Even after the raging fire of war flickered out, the destruction was everlasting. The number of lives lost was appalling. Everyone was touched in one way or another. The war left an imprint on America, a feeling that would never fade, rooted itself into the core of America.
After four years of battles and shed blood, soldiers finally went home. Many of whom were ragged and exhausted, returned to their families to pick up where they left off. So many lives were lost that almost everyone knew of someone that did not return home. People learned that war was not as romantic as they once viewed it.
The South’s devastation was most prominent, being the center of the conflict. Land was scorched and the once wealthy aristocrats, in a less than graceful manner, were dethroned. The South’s once thriving economy, founded in an empire of slaves, found itself in ashes. Many of the towns and cities who proudly paraded their affluence, were reduced to rubble and ruins. In the wreckage came criminals, those who wished to take advantage of the chaos.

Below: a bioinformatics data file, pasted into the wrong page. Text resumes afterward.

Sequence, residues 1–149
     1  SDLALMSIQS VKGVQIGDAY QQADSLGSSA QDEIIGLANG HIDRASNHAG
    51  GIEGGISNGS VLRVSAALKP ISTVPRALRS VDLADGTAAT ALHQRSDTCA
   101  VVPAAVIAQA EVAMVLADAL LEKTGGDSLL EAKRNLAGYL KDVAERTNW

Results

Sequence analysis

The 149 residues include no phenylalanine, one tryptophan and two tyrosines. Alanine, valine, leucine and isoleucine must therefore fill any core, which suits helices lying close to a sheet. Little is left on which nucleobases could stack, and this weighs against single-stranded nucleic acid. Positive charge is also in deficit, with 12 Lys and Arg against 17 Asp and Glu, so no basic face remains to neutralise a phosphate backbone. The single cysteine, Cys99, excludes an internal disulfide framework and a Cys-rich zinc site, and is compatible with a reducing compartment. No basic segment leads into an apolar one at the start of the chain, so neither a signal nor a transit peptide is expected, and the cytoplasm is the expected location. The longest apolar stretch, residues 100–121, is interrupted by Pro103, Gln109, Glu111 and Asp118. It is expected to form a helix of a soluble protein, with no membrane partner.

Millions of slaves were trying to find their purpose in life, with the newly acquired gift of freedom. Not everyone was so keen on the freedom of the slaves, and tried to repress their chainless lives. Racial divisions were sharply cut in society, a problem that would not be resolved for another hundred years. While the slaves were still oppressed in many ways, they begun to learn what it was like to be an American. Inspired by slaves’ struggles, women started to stand up and speak against gender inequality.
It is the responsibility of anyone who calls themselves an American, to remember what happened during those bloody four years of war. Preservation of property and history itself, helps us understand all aspects of the events that transpired. We assimilate history so we can avoid taking the same road as our ancestors. It is our duty to grow from other’s experiences and mistakes, in order to better ourselves and the world that we call home.
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